Helping a child wash hands

Does Homemade Soap Kill Germs?

Antibacterial soap, as we all know, kills germs. And, at the moment, many people are purchasing them in large quantities, causing shortages. As a result, some people are attempting to discover an alternative. Is handmade soap one of them?

Is it true that homemade soap kills germs? Homemade soap, like commercial soap, does not kill bacteria. Instead, it eliminates them from your skin, along with oils and debris from your hands, whereas antibacterial soap kills or slows the growth of bacteria.

In 2020, handwashing became mandatory to prevent the spread of germs. We suddenly placed a greater emphasis on it (and still do). However, as a result, certain varieties of soap sold out relatively immediately, resulting in a soap shortage.

As a result, people have to come up with alternatives, one of which may be plain old-fashioned homemade soap. Does handmade soap, on the other hand, have the same effect?

What does antibacterial soap really mean?

Before we move any further, we must first grasp what antibacterial implies and does, as there are some misunderstandings about this topic on the internet. The following is how antibacterial soap works:

Antibacterial soap (also known as antimicrobial soap) kills or inhibits the growth of microorganisms. Antibacterial soap is used to contain a chemical called triclosan, but it was banned by the US Food and Drug Administration (FDA) due to research that revealed it could affect hormones.

So, in a nutshell, it destroys bacteria and viruses or halts their growth.

Is homemade soap antibacterial?

Homemade soap or natural soap eliminates germs from your hands rather than killing them, thus it is antibacterial in that sense, but it does not kill them. We’ll need to talk about science a little bit to comprehend what it does.

According to this lengthy essay from Harvard University (which, if you’re curious about how soap works, I highly encourage you to check out), soap molecules loosen bacteria and viruses and wash them away from your hands.

Instead of just washing with water, soap urges you to wash for extended periods of time in order to remove the soap from your hands. The combination of the two is what allows the soap to do its job of effectively washing germs and viruses from your skin.

Which is safer, homemade natural soap or antibacterial?

We’ve previously covered the basics of how each one works. However, there are a few things to be aware of when using antibacterial soap. In addition to killing harmful bacteria and viruses, antibacterial soap also kills healthy bacteria and viruses.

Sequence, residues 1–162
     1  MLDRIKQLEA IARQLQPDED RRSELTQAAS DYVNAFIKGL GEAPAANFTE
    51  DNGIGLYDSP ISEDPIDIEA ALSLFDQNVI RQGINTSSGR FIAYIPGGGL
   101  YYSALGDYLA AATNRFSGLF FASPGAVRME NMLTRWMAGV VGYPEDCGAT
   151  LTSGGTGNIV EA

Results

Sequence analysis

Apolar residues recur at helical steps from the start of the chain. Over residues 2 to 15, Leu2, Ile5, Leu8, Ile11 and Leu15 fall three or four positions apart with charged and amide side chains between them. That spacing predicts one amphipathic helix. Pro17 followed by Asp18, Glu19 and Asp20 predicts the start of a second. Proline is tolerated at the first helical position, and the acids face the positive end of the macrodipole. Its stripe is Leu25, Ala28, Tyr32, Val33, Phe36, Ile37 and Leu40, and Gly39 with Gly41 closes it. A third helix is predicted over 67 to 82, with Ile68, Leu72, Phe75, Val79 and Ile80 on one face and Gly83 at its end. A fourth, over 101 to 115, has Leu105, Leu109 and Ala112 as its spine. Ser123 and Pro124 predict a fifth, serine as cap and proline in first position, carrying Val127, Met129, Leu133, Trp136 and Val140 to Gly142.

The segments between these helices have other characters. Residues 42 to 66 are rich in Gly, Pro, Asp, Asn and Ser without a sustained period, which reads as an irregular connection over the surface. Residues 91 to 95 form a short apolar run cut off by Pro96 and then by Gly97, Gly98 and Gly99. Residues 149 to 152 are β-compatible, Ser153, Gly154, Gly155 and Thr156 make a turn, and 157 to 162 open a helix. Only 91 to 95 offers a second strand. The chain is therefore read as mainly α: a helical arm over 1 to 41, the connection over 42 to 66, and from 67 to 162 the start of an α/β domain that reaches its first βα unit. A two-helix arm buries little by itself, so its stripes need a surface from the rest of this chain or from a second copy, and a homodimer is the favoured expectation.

What just happened? Which ones are the most effective? Yes, our hands are contaminated with beneficial microorganisms for your skin. As a result, it’s possible that in the long run, this is not the best solution.

There are some advantages and disadvantages of using antibacterial soap.

Pros of Antibacterial Soap

  • It eliminates dangerous microorganisms and viruses (but be careful not to overuse).
  • Using a hand sanitizer that has at least 60 percent alcohol instead of soap or water is an option if you don’t have either on hand.
  • Antibacterial soap is particularly beneficial in medical facilities where patients’ immune systems are compromised, such as inpatient rehabilitation facilities.
  • Antibacterial soap can be useful for cleaning in a veterinarian’s office or in a house with pets.

Cons of Antibacterial Soap

  • Antibacterial soaps and products might diminish beneficial bacteria if used excessively.
  • The additional chemicals in some antibacterial soaps can strip the skin of its natural oils, causing it to become drier.
  • In some cases, people may begin to believe that hand sanitizers and antibacterial soap are not necessary for comprehensive hand washing.
  • Using antibacterial soap for decades may, despite the lack of proof, result in antibiotic resistance.
  • Soaps with antibacterial agents eliminate both healthy and dangerous germs. It’s possible that destroying the healthy will have negative consequences in the long run.
  • Some antibacterial soaps are more expensive than others.

Despite the fact that homemade soap does not kill bacteria or viruses, it does eliminate after them (if you wash your hands correctly).

Because coconut oil and olive oil are extremely nutritious, switching to natural homemade soap is a good option even for people with sensitive skin.

Both oils have natural antibacterial properties and are safe to use on surfaces.

Olive oil, coconut oil, and shea butter are all excellent moisturizers. Despite their ability to hydrate the skin, they do so without clogging it.


  • There is no difference in effectiveness between regular handmade soap and antibacterial soap
  • Antibacterial soap and hand sanitizers are rather expensive, however, homemade soap is very inexpensive.
  • Good microorganisms on your skin are not killed by regular soaps and detergents.


  • Hand sanitizers in little bottles are more portable than homemade soap.
  • Due to incorrect soap use, some people may not wash their hands completely enough for conventional soap to be effective.

Here’s a video from the CDC showing you how to properly wash your hands:

In Conclusion

Both have their advantages, but utilizing them in excess can be harmful over the long term. To be in the middle is, in my opinion, the perfect position. Keep using the homemade natural soap for as long as possible, and wash your hands appropriately and thoroughly.

However, using a bar of antibacterial soap on your hands every now and then isn’t a bad idea. Don’t use it excessively. A bottle of hand sanitizer is another option if you don’t have access to water. However, you should only do this if absolutely necessary.